A frenectomy is an oral procedure during which a frenum in the mouth is altered or removed with a laser. A frenum is an attachment between two soft tissues in the mouth, including the cheeks, lips, and gums. The two types of frenum are known as the labial frenum and the lingual frenum.

    their teeth without attracting much attention to their orthodontics.

    • Benefits Of Labial Frenectomy
    • The labial frenum is the tissue connecting the gum tissue between the two front teeth to the upper lip. If this frenum is located down too low on the gum tissue, a gap between the two front teeth can occur. It can also cause gum recession by lifting the gums off of the jawbone.

    • Benefits of a labial frenectomy include:
    • Improves bite function

      Helps to reduce pain and discomfort

      Promotes self-confidence in children and teens by eliminating gaps in the smile

    Benefits Of A Lingual Frenectomy (tongue-tied) :
    The lingual frenum is the tissue connecting the underside of the tongue to the floor of the mouth. If the lingual frenum is located too far forward on the tongue, it can restrict tongue movement. If untreated, it can restrict a child’s ability to eat and speak properly. Lingual frenum, also known as being “tongue-tied,” can also impede an infant’s ability to latch during breastfeeding or eating from a bottle.

    Benefits of a lingual frenectomy include:

    Improves appetite and eating in infants and children. Improves speech function.

    Tissue & Bone grafting

    If you've recently been told by your dentist or gum doctor (periodontist) that you need a gum graft, don't panic. Gum surgery sounds worse than it is. A gum graft may be necessary to protect your teeth from the damaging effects of gum recession, or you may choose to have one to improve the appearance of your smile.

    Gum recession is the process in which the tissue that surrounds the teeth pulls away from a tooth, exposing more of the tooth or the tooth's root. This can cause damage to supporting bone. Gum recession is a common dental problem; it affects 4% to 12% of adults and often goes unnoticed until it becomes more severe.

    Many people don't even notice that their gums have receded, because it is a gradual process. However, over time, an exposed tooth root can not only look ugly, but can cause tooth sensitivity, especially when eating cold or hot foods. Eventually, gum recession, if not treated, can cause tooth loss. To repair the damage and prevent further dental problems, a gum tissue graft may be needed.

    Gum Tissue Graft: What Happens During the Procedure
    Three different types of gum tissue grafts are typically performed. Which type your dentist uses on you will depend on your specific needs. The graft procedures include.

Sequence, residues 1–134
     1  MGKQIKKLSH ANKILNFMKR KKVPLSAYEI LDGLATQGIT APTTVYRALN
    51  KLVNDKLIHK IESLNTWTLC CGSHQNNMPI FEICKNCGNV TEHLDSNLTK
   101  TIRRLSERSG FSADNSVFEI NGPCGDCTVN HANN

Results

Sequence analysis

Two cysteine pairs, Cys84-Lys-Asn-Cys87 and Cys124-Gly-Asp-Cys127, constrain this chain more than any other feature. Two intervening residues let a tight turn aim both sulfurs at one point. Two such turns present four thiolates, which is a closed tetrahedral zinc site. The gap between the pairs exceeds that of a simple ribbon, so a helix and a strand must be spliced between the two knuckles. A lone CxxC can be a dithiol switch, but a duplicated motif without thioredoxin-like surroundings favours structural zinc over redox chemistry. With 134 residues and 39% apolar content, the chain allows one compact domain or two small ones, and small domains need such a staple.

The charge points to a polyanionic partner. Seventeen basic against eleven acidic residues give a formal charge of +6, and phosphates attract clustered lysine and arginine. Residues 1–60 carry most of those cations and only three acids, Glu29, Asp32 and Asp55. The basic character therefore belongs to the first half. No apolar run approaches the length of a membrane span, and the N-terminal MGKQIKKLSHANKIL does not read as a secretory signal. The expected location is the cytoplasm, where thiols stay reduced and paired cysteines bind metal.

• A. Connective-tissue grafts.
  • This is the most common method used to treat root exposure. During the procedure, a flap of skin is cut at the roof of your mouth (palate) and tissue from under the flap, called subepithelial connective tissue, is removed and then stitched to the gum tissue surrounding the exposed root. After the connective tissue -- the graft -- has been removed from under the palatal flap, the flap is stitched back down.

  • B. Free gingival grafts.
  • . Similar to a connective-tissue graft, free gingival grafts involve the use of tissue from the roof of the mouth. But instead of making a flap and removing tissue under the top layer of flesh, a small amount of tissue is removed directly from the roof of the mouth and then attached to the gum area being treated. This method is used most often in people who have thin gums to begin with and need additional tissue to enlarge the gums.

  • C. Pedicle grafts.
  • In this procedure, instead of taking tissue from the palate, it is grafted from gum around or near the tooth needing repair. The flap, called a pedicle, is only partially cut away so that one edge remains attached. The gum is then pulled over or down to cover the exposed root and sewn into place. This procedure can only be done in people who have plenty of gum tissue near the tooth.

    Bone Graft

    Bone Graft

    A common side effect of untreated periodontal disease (advanced gum disease) is bone loss. If this is the case, your dentist may suggest a bone graft.

    Bone grafting is a minor surgical procedure that helps grow new bone. The graft may be taken from another area of your body, a donor, an animal, or made of synthetic materials. The bone graft material typically consists of processed bone minerals that help your body create new bone cells over time.
  • Gum Disease and Bone Loss
  • Periodontal disease, or periodontitis, is an advanced form of gum disease that permanently damages the gums, bones, and surrounding tissues.

    The long-term build-up of plaque and tartar (hardened plaque) initiates periodontitis. teeth with plaque and red gums from gingivitis

    The gums become irritated and begin to separate from your teeth, forming deep “periodontal pockets” below the gum line. Over time, plaque and tartar collect in these pockets.

    If you do not get your teeth cleaned professionally, the disease will eventually result in soft tissue and bone loss. Your body does not naturally grow new bone cells. A bone graft is the only effective treatment option at this stage